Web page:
The Wall Street Journal / November 18, 1998
By Larry Luxner
The Caribbean islands depend on tourist dollars more than any other place in the world, with one out of every three people in the region making a living from hotels, cruise ships, airlines, taxis and restaurants that cater to visitors.
But the $15 billion in annual tourism revenues won't keep flowing unless the Caribbean takes steps to diversify its product offering, says Jean Holder, secretary-general of the Caribbean Tourism Organization.
"The overall challenge for Caribbean tourism is its sustainability," Mr. Holder said in a phone interview last week from Barbados, where the CTO is headquartered.
"For 1998, we don't see any immediate major problems, because the U.S. market is still very sound, and we seen some elements of recovery in Germany, France and the U.K.," he explained. "But there's a certain uncertainty in the marketplace that in the medium term we could see some slackening of demand."
Mr. Holder said the CTO had been predicting an annual growth rate of about 4.6% over the next 10 years, with the number of stayover tourists doubling from the current 14.5 million to around 29 million. "In the context of recent happenings, we will review that level of growth, though we believe the tourism sector is extremely resilient and in the past has survived the energy crisis of 1973-74, the recession of the early 1980s and the Gulf War."
The CTO represents 32 countries and dependent territories in the Caribbean, including all 15 members of Caricom.
"The biggest draw for the Caribbean is still beaches and climate. But we have to diversify the product. Once tourists get here, they want to be able to do other things. A lot of our countries are now pursuing a variety of niche products," he said, naming Barbados and Aruba as "two good examples of mature tourism."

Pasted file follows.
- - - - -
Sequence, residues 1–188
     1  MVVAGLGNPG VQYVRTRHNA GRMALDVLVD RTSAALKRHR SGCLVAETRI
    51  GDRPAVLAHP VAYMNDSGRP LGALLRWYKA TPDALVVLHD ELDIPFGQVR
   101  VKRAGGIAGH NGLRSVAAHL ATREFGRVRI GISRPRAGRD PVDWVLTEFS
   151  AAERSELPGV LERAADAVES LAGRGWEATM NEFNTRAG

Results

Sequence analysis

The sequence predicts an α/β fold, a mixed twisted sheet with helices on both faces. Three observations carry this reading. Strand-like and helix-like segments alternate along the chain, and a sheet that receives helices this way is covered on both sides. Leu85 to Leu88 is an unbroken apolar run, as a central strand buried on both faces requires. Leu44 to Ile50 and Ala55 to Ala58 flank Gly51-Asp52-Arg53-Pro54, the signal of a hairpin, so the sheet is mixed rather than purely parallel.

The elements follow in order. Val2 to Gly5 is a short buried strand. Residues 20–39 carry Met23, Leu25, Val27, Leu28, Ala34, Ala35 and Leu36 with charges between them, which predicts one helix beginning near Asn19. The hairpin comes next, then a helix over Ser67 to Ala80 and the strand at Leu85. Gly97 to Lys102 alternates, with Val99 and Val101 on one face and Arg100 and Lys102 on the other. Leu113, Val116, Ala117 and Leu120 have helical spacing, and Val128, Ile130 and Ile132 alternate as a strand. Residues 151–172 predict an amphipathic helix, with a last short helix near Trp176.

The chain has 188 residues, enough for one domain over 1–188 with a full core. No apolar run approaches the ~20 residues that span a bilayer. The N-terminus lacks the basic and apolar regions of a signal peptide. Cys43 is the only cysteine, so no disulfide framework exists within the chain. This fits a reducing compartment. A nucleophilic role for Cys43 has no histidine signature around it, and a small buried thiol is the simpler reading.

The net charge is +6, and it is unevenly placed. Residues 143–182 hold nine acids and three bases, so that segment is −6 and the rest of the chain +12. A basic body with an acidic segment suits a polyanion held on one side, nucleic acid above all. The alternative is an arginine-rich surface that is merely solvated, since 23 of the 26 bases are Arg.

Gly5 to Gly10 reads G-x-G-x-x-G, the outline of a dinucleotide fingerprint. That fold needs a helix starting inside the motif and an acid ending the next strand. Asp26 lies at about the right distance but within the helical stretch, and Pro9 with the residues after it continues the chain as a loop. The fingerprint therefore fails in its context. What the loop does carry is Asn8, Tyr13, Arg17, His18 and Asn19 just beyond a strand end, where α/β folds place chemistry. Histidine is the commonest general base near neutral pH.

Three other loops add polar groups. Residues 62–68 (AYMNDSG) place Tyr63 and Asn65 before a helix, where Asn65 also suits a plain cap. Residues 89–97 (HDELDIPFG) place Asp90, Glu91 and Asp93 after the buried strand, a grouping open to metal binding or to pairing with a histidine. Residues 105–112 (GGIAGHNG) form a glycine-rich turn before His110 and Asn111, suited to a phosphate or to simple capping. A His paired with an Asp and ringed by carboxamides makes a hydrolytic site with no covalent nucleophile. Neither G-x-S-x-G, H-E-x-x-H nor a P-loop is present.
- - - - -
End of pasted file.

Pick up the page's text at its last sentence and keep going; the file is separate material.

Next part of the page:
Ranked by absolute numbers alone, Puerto Rico is the Caribbean's most popular travel destination, with 4.1 million tourists in 1996. Other big tourist draws are the Bahamas (3.4 million); the Dominican Republic (2.04 million); Jamaica (1.8 million), the U.S. Virgin Islands (1.77 million) and the Netherlands Antilles (1.6 million).
At the other end of the spectrum are lesser-known destinations like Guyana (171,000 visitors in 1996); the Turks & Caicos Islands (88,000), Suriname (84,000) and Montserrat (16,000). To attract more tourist dollars, some of these countries are pushing ecotourism. Guyana, for example, is promoting package tours to its vast, largely unexplored interior, where more adventurous tourists can visit Amerindian villages and natural wonders such as 741-foot-high Kaieteur Falls, the largest single-drop waterfall in the world.
Mr. Holder says he doesn't believe an eventual lifting of the U.S. embargo against Cuba will divert American tourists from such traditional island meccas like Puerto Rico, the Virgin Islands and Bermuda.
"The Dominican Republic has grown from about 10,000 to 34,000 rooms in the last 10 years. That's extraordinary growth," he said. "Cuba has grown somewhat less than that, but neither of those countries have a major U.S. market."